ICIT is currently investigating imports of coated steel and wire from China. Ukrainian producers are looking forward to the decision on these processes, as the investigations should have been completed a year ago, and our enterprises could maintain their share in the domestic market and not be forced out by Chinese goods.
Recently, the Ministry of Economy presented the results of coated rolled steel investigations. It can be predicted that a decision can be made in the near future. The Ministry has taken the position of national producers, who, in the current difficult conditions, want to protect their market from cheap imports from China. The document says that it is planned to apply a duty in the range from 30.76% to 48.14% of the customs value, depending on the foreign manufacturer.
This decision will create an entire industry in Ukraine. Today, this market is very unbalanced and unpredictable, as Chinese products are imported at dumping prices. All neighboring countries have trade restrictions for Chinese coated steel, and only in Ukraine there is no such duty.
The very fact of the beginning of the investigation and the hope that the duty could be applied has already given impetus to the opening of new production facilities, in particular, in Bila Tserkva. Ukrainian processors expect the appearance of Ukrainian products.
In part of wire investigations it can be noted that the domestic market for this product is not so large. But Ukrainian producers have been waiting for a decision on the results of the investigation for more than a year. The adoption of an anti-dumping duty against imports from China is critical for Ukrainian producers. In anticipation of restrictive measures, they produce goods at a loss, compensating for financial losses through the release of other products. The introduction of the duty is necessary in order not to completely lose the domestic market before the decision of the ICIT is made.
Under war conditions, imports of similar Chinese products grew by 40%, while domestic production fell to 45% of 2020 levels. A timely decision on the application of anti-dumping measures against Chinese wire would not allow the deterioration of the position of Ukrainian producers in the domestic market.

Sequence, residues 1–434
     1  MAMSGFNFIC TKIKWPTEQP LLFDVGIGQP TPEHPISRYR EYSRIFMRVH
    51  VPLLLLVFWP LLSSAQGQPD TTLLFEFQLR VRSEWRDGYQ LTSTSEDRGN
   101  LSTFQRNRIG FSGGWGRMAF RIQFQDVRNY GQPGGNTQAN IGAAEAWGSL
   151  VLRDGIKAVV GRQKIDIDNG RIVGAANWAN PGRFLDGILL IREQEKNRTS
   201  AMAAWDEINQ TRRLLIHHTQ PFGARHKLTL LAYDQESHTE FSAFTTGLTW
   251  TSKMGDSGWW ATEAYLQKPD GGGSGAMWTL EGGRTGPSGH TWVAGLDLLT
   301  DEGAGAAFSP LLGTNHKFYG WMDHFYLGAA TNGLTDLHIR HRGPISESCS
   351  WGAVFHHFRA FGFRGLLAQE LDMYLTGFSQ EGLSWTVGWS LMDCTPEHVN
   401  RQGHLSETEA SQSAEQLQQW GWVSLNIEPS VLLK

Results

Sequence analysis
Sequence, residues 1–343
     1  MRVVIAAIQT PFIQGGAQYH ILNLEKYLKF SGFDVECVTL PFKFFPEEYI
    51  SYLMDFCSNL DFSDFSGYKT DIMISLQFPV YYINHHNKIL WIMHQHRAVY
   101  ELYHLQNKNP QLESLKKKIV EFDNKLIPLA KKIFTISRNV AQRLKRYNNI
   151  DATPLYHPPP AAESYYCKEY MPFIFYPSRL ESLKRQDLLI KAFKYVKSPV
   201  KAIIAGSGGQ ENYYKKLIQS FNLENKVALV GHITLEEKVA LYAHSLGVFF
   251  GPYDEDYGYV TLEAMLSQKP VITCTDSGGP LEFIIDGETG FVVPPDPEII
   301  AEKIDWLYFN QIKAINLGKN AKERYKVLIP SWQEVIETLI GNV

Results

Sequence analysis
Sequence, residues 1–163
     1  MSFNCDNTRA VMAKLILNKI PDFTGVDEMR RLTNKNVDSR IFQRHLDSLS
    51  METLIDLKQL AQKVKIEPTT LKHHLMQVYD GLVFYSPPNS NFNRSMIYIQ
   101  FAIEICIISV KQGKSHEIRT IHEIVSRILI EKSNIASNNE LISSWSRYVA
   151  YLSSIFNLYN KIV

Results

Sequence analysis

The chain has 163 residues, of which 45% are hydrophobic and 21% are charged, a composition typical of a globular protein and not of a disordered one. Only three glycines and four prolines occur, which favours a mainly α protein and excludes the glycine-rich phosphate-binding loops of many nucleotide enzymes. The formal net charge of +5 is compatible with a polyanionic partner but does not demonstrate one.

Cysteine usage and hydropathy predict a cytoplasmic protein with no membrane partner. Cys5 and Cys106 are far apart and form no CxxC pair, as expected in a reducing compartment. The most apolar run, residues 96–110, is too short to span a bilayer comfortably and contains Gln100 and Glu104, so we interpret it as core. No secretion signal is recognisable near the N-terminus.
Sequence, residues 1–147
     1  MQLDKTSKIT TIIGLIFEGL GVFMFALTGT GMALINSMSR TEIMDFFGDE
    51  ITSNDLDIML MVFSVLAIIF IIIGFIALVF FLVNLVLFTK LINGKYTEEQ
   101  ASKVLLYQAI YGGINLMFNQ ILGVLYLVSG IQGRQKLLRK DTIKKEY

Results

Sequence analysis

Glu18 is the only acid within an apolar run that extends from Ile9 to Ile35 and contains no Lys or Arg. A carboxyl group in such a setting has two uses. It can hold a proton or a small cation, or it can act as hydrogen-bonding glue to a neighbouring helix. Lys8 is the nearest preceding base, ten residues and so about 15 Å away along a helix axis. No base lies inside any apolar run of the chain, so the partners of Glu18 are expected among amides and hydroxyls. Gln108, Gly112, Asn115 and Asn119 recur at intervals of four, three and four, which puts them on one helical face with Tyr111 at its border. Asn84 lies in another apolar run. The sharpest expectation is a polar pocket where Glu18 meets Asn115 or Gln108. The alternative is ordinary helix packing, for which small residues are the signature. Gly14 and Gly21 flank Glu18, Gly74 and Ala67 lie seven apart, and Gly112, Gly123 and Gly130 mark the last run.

In part of pipe investigations (cold-drawn and cold-rolled seamless steel pipes) from China, it also remains overdue, as it was supposed to be completed by September 2022. It is noteworthy that anti-dumping measures in relation to cold-rolled seamless pipes from China are already in force (from June 2020 to June 2025). The investigation into Chinese cold-drawn and cold-rolled pipes has not yet been completed, so any results can be expected.
Among other things, there is a suspicion that the decision of the ICIT dated 02.09.2020 №AD-444/2020/4411-03 “On the application of final anti-dumping measures regarding the import to Ukraine of seamless hot-formed steel pipes originating from China” may be changed. In this case, we can talk about the revision of price commitments that were previously accepted by Chinese manufacturers.
Regarding the revision of anti-dumping measures against bar import of carbon and other alloy steels from Belarus (the revision was initiated by the decision of the Commission dated September 24, 21 №AD-509/2021/4411-03), a change in the size of the anti-dumping duty should be expected in order to protect the Ukrainian producer.
Ukraine has always been famous for its liberal position in trade. Since the beginning of the war, all prohibitions and measures have been concentrated on Russian products. The resumption of the work of the ICIT and a number of anti-dumping investigations on steel products (albeit with a delay of 1-2 years) may begin to change this trend. Imports of steel products to Ukraine have already reached the pre-war level, primarily due to the losses of Ukrainian producers. Perhaps the Ministry of Economy is already beginning to pursue a balanced trade policy to protect the domestic market.